The connected journal of EU professionals

La revue permanente des professionnels de l’Europe

The EU’s Ides of March? Article 50 timing could spell disaster for European unity

REE Theresa may merkel 2016Theresa May’s announcement that the UK government will formally launch the Brexit process by the end of March 2017 deals a body blow to European leaders struggling to maintain the integrity of project EU. On top of the rhetoric of a “hard Brexit”, the timing seems designed to catch the EU’s champions at their most vulnerable.


The battle over abortion rights in Poland is not over

REE abortion polandAfter a week during which mass street protests erupted in Poland against a proposed new law banning abortions, on October 6 politicians backtracked on the plans and the parliament voted to reject the law. But, despite the victory for pro-choice campaigners, Poland is still left with some of the most restrictive abortion laws in Europe – and further restrictions have been proposed.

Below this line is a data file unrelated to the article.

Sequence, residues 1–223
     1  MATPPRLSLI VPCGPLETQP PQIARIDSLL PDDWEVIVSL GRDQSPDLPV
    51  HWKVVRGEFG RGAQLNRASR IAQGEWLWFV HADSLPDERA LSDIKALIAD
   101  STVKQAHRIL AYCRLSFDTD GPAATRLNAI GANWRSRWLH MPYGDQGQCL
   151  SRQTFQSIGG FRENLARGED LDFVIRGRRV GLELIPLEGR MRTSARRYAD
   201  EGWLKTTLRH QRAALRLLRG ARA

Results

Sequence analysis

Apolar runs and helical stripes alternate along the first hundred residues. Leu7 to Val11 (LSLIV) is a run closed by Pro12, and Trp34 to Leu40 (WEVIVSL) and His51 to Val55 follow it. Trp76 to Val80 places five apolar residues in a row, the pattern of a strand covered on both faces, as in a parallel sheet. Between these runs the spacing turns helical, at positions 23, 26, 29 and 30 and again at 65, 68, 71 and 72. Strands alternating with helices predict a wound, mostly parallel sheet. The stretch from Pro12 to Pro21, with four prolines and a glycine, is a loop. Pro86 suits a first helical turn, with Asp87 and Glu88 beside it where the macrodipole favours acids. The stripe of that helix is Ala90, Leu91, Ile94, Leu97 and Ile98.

Immigration after Brexit: what are the alternatives to a points-based system?

UK BorderBrexit was supposed to be about “taking back control” of our borders and the new prime minister, Theresa May, has confirmed that immigration control will be a “red line” in any negotiations with the EU. But now comes the tricky bit: control to do what, and how?


The hidden costs of closed borders for migrants stuck in Serbia

23114927176 3902964758 bIn Spring 2016, Croatia, Slovenia and Macedonia “closed” their borders to migrants who had been transiting these countries via the “Balkan route” on their way further into the European Union. The closures follow other attempts at shutting EU borders: Hungary built a fence along its border with Serbia, while the so-called “EU-Turkey” deal was intended to prevent people from reaching EU borders by sending those who had crossed the Mediterranean back to Turkey. Despite the border closures, the Balkan route is still active – a problem recognised at an EU leaders’ meeting in July. Now those refugees not able to get any further are stuck in limbo. Non-governmental organisatons (NGOs) and the UNHCR estimate there are at least 200 arrivals per day in Serbia, with around 5,000 people stuck in Serbia alone.


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